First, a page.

ByronPA

Jet Outboard Problem / Question

12 posts in this topic

I am looking at a used boat/jet combo, a 16 tin boat with a 2001 50hp factory yamaha jet outboard on it.. The rig has low hours, overall in very good condition and the seller is a good friend.. The price is right and he's willing to pay for / make repairs before the sale as needed..

 

The engine is throwing oil into the boot/foot..  where the water shoots out the outlet nozzle to provide propulsion, the inside of the nozzle is coated with thick oil sludge. If that makes sense....I'm presuming this is from a blown seal somewhere but without tearing it apart really don't know. Being a jet probably doesn't have any bearing on the problem, other that it's not the lower unit...

 

Any ideas, suggestions of things to look at before taking it to a pro? The seller wants to fire it up and see it "it works itself out".. Any danger in firing it up?

 

 

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15 mins ago, ByronPA said:

2 stroke

OK. My guess (since I'm not 100% on how the foot is designed) is that it's the excess un-burned 2 stroke oil coming out the exhaust of the motor and mixing with the jet pump exhaust causing it. Just like when you see a 2 stroke prop OB with black oily substance running out of the prop hub.

Upping the oil ratio, running at lower RPM's can increase this discharge.

Lots of times people think it's their lower unit leaking oil, but it's not.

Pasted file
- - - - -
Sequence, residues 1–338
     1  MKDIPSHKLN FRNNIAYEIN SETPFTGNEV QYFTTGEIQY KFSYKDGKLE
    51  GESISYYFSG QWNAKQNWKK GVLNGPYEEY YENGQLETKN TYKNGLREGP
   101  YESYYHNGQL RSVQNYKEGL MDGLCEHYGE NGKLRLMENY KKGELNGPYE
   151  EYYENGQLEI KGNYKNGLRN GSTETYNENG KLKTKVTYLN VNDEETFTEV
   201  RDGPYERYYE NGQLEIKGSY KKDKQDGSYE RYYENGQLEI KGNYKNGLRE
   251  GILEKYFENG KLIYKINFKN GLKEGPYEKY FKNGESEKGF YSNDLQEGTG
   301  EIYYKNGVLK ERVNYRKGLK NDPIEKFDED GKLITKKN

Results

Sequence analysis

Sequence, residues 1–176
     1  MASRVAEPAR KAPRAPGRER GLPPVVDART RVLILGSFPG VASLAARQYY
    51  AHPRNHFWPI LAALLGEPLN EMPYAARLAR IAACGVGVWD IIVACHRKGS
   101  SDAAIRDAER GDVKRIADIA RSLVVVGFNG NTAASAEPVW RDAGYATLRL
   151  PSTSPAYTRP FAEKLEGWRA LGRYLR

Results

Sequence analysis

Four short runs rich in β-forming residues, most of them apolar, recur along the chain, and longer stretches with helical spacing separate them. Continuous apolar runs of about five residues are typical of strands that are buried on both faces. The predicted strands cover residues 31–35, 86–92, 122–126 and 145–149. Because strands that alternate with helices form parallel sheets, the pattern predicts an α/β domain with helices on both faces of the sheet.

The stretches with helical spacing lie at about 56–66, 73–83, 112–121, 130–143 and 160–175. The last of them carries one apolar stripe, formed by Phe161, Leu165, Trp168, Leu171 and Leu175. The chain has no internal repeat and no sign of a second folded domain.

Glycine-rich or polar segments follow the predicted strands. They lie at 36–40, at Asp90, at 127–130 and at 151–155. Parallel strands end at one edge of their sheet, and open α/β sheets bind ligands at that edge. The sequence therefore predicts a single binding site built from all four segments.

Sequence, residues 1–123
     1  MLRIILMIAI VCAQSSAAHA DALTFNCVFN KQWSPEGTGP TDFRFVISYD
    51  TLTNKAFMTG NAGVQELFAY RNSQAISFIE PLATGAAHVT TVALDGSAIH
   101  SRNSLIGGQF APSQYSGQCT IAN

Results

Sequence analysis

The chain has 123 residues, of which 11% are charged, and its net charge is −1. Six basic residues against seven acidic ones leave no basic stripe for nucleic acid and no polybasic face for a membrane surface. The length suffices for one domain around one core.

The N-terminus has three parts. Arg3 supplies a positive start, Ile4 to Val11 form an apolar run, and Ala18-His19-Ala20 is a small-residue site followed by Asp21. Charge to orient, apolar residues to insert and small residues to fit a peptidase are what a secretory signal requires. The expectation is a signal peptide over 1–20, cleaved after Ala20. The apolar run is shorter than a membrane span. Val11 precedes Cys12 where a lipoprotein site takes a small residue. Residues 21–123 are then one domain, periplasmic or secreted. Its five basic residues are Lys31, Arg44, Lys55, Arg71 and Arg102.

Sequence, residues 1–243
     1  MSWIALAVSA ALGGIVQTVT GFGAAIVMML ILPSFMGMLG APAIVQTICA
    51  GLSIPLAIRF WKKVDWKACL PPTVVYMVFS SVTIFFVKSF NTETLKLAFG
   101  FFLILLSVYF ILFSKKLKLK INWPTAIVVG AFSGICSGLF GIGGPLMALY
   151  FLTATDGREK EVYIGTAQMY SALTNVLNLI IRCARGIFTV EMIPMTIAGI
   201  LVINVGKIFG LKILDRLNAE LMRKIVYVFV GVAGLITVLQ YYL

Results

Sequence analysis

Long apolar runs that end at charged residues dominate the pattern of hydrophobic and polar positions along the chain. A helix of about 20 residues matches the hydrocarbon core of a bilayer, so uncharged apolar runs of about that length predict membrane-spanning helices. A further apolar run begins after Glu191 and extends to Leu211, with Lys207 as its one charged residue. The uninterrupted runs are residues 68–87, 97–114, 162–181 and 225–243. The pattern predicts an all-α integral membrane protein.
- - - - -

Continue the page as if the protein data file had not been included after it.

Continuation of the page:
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8 mins ago, MdCrappie said:

OK. My guess (since I'm not 100% on how the foot is designed) is that it's the excess un-burned 2 stroke oil coming out the exhaust of the motor and mixing with the jet pump exhaust causing it. Just like when you see a 2 stroke prop OB with black oily substance running out of the prop hub.

Upping the oil ratio, running at lower RPM's can increase this discharge.

Lots of times people think it's their lower unit leaking oil, but it's not.

Hmm, that sorta makes sense, hadn't considered that as a possibility... It's certainly a possibility that I like.  

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This issue does not lie with the jet unit. Converting a prop outboard to jet involves removing the prop lower unit and replacing it with a volute, impeller and foot. A jet does not have a gear case oil reservoir like a prop lower unit. There is a grease nipple and the unit has to be greased after each use but in now way shape or form would this cause 2 cycle oil to discharge into the exhaust.

 

The outboard issue should be relatively easy to diagnose and fix. Taking a step back, I'd like to know more about the hull itself.  Slapping a jet unit on an outboard does not give you a true river jet boat. The hull should be jon-style or modfied V at most. The hull should be welded, not riveted and be at least .100 thick. Does the hull have a tunnel and raised transom? A center console rig is infinitely preferable to a side console as you can stand up and see what's ahead of you. With a side console, you're sitting down and can't see very well. Things can go very wrong, very fast in a river. The Susquehanna has these things called ledges which will tear a hull apart. I sold my Rockproof because work was getting in the way, however, that thing was built with a .192 hull, hull-length C channel and .5" UHMW on the hull and sides. Even driving that thing, rivers scared the **** out of me. I'm back to a lake boat.